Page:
Body Mass, Training, Menses, and Bone in Adolescent Runners: A 3-yr Follow-up

BARRACK, MICHELLE T.1; VAN LOAN, MARTA D.2; RAUH, MITCHELL J.3,4; NICHOLS, JEANNE F.4

Medicine & Science in Sports & Exercise:
doi: 10.1249/MSS.0b013e318201d7bb
Clinical Sciences
Abstract

ABSTRACT: Endurance runners with low bone mass during adolescence may risk attaining a low peak bone mineral density (BMD) in adulthood. Alternatively, they may mature late and undergo delayed bone mineral accumulation.

Purpose: The purpose of this study was to evaluate 40 adolescent runners (aged 15.9 ± 0.2 yr) at two time points, approximately 3 yr apart, to assess bone mass status and identify variables associated with bone mass change.

Methods: Follow-up measures included a questionnaire to assess menstrual status, training, and sports participation history, height and weight, and a dual-energy x-ray absorptiometry scan to assess total body, total hip, and lumbar spine BMD, bone mineral content (BMC), BMD z-score, and body composition. We used −1 and −2 BMD z-score cutoffs to categorize runners with low bone mass.

Results: Eighty-seven percent of girls with low BMD at baseline had low BMD at the follow-up. Girls with low compared with normal baseline BMD had lower follow-up adjusted total body (2220.4 ± 65.8 vs 2793.1 ± 68.2 g, P < 0.001), total hip (27.0 ± 1 vs 33.9 ± 1.0 g, P < 0.05), and lumbar spine (47.8 ± 2.0 vs 66.3 ± 2.2 g, P < 0.001) BMC values. Variables related to 3-yr training volume, menstrual function, age, developmental stage, and change in body mass explained 29%-54% of the variability in BMC change.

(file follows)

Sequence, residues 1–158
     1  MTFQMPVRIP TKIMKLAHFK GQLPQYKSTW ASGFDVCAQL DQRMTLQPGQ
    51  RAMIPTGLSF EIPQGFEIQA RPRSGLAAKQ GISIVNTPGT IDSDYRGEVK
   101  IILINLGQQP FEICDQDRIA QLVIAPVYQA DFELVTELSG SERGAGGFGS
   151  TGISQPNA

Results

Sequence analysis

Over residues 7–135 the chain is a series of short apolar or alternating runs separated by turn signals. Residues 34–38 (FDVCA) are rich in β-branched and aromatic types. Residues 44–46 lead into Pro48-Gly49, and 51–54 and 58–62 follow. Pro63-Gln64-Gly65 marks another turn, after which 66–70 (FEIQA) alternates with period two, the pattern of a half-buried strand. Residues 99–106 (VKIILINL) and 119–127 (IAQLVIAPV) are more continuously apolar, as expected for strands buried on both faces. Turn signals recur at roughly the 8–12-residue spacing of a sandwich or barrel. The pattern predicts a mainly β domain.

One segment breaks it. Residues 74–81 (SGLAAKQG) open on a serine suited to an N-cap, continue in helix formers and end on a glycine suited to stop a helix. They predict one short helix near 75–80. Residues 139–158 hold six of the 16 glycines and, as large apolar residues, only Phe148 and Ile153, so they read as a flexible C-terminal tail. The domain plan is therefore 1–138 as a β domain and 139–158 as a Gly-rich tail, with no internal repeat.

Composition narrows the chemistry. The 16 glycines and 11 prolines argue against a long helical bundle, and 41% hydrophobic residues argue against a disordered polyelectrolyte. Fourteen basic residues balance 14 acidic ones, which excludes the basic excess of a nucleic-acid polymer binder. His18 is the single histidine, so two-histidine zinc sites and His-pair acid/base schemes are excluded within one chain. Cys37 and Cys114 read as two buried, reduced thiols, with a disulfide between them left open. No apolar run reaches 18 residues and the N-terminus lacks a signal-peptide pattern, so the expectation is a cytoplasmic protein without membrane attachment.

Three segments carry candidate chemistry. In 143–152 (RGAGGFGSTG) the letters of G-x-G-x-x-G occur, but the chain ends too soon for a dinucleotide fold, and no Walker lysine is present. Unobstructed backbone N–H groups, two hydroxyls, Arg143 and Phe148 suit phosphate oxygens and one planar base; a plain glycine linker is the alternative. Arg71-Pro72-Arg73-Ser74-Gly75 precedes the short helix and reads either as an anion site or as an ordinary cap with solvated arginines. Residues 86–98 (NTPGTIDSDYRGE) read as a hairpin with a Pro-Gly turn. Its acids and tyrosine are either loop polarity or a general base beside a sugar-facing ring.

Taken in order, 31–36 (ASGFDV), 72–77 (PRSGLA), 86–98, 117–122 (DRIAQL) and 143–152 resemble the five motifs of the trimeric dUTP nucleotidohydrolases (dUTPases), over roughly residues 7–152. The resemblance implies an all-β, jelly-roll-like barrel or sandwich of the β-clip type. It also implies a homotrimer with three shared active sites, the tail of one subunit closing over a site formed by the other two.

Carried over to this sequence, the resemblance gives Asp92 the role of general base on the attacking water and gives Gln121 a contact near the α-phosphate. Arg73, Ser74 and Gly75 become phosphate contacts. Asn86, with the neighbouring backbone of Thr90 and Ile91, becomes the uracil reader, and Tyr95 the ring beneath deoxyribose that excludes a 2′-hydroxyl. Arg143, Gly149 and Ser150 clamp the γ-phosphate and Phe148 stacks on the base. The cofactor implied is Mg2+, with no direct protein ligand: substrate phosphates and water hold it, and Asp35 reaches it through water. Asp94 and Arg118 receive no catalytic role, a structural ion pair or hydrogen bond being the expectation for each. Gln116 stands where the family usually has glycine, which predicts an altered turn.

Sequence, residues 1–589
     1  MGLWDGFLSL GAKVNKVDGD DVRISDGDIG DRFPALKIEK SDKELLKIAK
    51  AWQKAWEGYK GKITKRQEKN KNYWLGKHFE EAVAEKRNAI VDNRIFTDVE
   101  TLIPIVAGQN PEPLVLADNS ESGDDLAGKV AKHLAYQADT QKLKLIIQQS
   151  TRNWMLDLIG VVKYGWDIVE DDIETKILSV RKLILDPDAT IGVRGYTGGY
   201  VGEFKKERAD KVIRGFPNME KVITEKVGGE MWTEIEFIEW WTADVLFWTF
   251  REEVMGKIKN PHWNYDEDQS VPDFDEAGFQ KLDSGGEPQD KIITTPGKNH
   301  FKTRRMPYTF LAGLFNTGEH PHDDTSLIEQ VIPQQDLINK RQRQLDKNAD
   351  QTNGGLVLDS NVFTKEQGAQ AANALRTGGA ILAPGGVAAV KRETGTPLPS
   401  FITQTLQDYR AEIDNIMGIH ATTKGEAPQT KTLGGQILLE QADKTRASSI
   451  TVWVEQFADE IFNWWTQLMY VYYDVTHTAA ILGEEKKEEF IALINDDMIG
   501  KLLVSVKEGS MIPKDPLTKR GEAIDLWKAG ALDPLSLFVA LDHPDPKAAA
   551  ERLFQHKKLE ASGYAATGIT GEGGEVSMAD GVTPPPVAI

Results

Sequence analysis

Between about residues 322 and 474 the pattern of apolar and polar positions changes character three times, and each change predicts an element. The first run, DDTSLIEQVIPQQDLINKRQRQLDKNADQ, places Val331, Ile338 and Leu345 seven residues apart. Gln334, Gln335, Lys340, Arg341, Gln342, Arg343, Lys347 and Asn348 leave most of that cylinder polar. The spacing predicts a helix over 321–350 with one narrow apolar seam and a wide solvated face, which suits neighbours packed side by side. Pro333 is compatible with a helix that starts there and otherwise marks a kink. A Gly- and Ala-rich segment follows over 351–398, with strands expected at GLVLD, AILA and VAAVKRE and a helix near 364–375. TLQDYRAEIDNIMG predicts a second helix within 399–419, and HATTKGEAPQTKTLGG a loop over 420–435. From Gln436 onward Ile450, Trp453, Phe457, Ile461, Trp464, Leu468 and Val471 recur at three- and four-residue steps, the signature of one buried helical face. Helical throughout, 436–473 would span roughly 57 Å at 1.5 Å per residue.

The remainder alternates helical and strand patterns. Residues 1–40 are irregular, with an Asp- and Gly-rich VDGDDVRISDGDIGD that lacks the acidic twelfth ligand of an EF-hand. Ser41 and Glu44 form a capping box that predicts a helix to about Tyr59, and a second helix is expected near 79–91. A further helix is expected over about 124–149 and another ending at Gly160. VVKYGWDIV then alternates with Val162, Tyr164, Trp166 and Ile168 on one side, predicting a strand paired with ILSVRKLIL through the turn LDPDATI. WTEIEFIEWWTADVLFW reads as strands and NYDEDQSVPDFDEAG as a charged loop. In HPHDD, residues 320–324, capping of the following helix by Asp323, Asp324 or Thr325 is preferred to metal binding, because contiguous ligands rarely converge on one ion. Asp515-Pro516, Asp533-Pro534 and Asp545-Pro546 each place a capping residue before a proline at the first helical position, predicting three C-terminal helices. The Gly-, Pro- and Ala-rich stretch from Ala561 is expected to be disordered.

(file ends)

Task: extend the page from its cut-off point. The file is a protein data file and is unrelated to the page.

Conclusions: The majority of adolescent runners with low BMD at baseline had low BMD after a 3-yr follow-up. Our observations suggest that "catch-up" accrual may be difficult and, thus, emphasize the importance of gaining adequate bone mineral during the early adolescent years.

Author Information

1Graduate Group in Nutritional Biology, University of California Davis, Davis, CA; 2US Department of Agriculture, ARS, Western Human Nutrition Research Center, University of California Davis, Davis, CA; 3Graduate Program in Orthopaedic and Sports Physical Therapy, Rocky Mountain University of Health Professions, Provo, UT; and 4School of Exercise and Nutritional Sciences, San Diego State University, San Diego, CA

Address for correspondence: Michelle T. Barrack, Ph.D.; E-mail: michellebarrack@gmail.com.

Submitted for publication October 2009.

Accepted for publication October 2010.

©2011The American College of Sports Medicine